It was good to see that the latest funding announcement from Homes England of £7.5B included indicative allocations of 50% for social and affordable rent properties.  This was a significant success for the sector who had lobbied for funds for discounted rent against indications of a programme which may have previously only supported home ownership products. However the Government have also indicated that they expect with some restrictions these properties would have a ‘Right to Shared Ownership’ rule applied to them, which while providing a pathway for those renting into home ownership,  may further erode supply of rental properties in the future.

The publication of the NHF’s report ‘People in Need’ gives an indication of the challenge if we are to really resolve the affordability crisis in housing and provide the range of housing needed to meet demand, with 8 million people in some form of housing need, of these it estimates that for 3.8 million of these people (1.6 million households), social rented housing would be the most appropriate tenure.  Further with the likely differential impact of the pandemic on lower paid occupations this is forecast to further increase the demand for affordable housing.  The analysis went beyond existing waiting list analysis as this underestimates need given the eligibility criteria, hence issues such as:

  • Concealed households – where individuals or family units are living within another household, including adult children who wish to move out.
  • Overcrowding – where a home is not big enough for the number of people living in it.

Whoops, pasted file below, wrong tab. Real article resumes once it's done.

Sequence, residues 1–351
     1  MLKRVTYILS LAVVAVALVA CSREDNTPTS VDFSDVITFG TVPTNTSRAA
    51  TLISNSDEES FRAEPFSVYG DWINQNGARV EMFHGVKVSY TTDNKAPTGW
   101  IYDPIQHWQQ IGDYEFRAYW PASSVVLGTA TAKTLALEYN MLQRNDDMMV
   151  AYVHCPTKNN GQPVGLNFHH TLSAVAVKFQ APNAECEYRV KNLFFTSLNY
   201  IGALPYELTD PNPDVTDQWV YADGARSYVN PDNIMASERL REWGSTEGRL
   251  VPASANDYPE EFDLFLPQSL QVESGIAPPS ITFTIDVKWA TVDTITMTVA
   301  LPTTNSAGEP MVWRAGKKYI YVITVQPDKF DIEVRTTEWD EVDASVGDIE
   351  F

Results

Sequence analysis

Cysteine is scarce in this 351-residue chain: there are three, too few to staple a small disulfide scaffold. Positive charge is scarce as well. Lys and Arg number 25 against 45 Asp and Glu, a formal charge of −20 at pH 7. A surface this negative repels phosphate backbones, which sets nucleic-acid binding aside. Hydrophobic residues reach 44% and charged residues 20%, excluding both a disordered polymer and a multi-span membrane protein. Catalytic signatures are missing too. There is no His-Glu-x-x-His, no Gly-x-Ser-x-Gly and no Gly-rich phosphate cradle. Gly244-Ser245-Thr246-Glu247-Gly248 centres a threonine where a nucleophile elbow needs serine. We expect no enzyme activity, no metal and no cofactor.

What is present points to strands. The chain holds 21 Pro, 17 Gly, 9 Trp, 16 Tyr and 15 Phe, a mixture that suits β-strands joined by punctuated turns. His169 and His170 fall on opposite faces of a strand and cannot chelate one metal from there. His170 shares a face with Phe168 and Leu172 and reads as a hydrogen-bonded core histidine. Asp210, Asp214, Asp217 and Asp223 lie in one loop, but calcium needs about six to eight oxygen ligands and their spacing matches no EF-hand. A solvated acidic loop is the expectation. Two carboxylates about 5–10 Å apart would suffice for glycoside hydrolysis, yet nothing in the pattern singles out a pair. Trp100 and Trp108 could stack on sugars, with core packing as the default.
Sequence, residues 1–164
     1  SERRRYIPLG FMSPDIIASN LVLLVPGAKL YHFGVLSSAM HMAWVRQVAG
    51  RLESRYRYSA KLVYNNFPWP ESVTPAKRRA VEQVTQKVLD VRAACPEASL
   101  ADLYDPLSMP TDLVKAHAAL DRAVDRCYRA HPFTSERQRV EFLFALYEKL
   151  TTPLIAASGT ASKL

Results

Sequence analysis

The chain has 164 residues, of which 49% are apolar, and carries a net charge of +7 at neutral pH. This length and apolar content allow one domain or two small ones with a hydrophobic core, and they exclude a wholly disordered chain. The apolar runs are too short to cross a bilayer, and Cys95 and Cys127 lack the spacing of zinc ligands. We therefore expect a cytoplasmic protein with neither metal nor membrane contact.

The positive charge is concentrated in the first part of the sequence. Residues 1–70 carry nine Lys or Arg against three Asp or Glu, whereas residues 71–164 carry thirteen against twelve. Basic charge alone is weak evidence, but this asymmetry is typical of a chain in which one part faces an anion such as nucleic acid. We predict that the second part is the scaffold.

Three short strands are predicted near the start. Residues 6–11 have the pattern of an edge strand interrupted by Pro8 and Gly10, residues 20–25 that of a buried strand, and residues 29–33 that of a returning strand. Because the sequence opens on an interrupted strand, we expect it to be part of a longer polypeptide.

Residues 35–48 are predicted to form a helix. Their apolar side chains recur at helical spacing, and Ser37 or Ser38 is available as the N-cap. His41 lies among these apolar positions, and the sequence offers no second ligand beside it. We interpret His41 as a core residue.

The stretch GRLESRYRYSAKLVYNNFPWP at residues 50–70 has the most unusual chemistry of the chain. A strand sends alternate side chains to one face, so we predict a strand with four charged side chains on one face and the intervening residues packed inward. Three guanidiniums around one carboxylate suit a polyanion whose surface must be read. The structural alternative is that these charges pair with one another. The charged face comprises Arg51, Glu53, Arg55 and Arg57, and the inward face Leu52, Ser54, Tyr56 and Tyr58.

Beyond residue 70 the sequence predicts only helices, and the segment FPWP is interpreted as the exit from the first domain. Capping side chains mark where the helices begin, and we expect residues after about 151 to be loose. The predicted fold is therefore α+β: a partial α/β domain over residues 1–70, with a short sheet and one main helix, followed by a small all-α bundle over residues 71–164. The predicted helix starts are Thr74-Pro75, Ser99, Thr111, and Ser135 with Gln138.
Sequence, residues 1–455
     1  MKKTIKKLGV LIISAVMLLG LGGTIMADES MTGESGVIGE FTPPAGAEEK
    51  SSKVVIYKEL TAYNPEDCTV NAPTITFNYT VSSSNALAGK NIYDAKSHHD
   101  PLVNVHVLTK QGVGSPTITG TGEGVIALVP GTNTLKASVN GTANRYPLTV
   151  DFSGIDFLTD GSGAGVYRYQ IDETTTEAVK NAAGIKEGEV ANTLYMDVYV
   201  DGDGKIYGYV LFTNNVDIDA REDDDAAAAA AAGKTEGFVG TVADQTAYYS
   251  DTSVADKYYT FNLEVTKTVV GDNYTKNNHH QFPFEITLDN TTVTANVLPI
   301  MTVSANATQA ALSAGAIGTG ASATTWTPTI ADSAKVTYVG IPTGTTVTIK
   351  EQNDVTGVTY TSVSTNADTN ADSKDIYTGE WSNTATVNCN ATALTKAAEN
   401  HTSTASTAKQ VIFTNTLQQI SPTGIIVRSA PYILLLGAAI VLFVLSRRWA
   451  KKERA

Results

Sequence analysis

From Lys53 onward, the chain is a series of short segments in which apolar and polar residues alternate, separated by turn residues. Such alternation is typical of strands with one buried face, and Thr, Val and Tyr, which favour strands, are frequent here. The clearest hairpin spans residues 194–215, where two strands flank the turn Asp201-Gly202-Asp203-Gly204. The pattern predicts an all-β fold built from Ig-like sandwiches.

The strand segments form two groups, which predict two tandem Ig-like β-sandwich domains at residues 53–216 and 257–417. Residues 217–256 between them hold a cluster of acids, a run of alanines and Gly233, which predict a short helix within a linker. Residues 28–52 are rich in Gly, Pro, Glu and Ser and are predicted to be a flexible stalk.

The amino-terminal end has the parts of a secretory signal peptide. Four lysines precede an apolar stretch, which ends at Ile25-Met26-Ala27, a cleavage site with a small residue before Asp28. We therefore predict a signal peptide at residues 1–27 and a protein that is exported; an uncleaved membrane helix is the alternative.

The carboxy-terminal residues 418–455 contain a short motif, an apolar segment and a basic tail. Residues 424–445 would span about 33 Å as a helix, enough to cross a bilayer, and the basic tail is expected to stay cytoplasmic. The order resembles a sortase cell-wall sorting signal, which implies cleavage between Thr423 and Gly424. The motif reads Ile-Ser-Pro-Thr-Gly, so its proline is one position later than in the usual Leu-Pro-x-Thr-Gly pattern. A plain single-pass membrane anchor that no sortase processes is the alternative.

• Affordability – where a home is too expensive.
  • Suitability – for instance where a family with children is in a home with no outside space, or where a home is not adapted to an older person’s needs
  • External condition – where a home appears to be in poor condition

were also take account of in determining the levels of housing need.  While this differs from traditional demand analysis it provides a very stark reminder of the levels of housing need and the continuing requirements for discounted rental models

Traditional models of provision will not meet this level of need and the NHF with wider partners, are exploring different approaches through their ‘Homes at the Heart’ initiative.

Alongside the announcement of the new affordable housing programme were indications of proposed changes to the shared ownership housing model.  This for many provides the best means of accessing home ownership due to the lower deposit requirements and has been very successful in meeting a demand from particularly first time buyers.  The proposals include:

  • Reduces the minimum initial share people can buy from 25% to 10%.
  • Allows people to buy additional shares in their home in 1% instalments, with heavily reduced fees.
  • Introduces a 10-year period for new shared owners where the landlord will cover the cost of any repairs and maintenance

The intention is to make the model more accessible for a greater proportion of people and a more dynamic and accessible process to staircase while protecting the owner from possible high repairs costs. While these proposals will be subject to consultation, there is concern the additional costs and processes to accommodate these changes may actually see housing providers moving away from this form of supply.

Meeting the challenges of the housing crisis remains one of the biggest challenges in levelling up.  In a post pandemic world of difficult choices we will need to redouble efforts to find new and imaginative ways to meet this most fundamental of human need.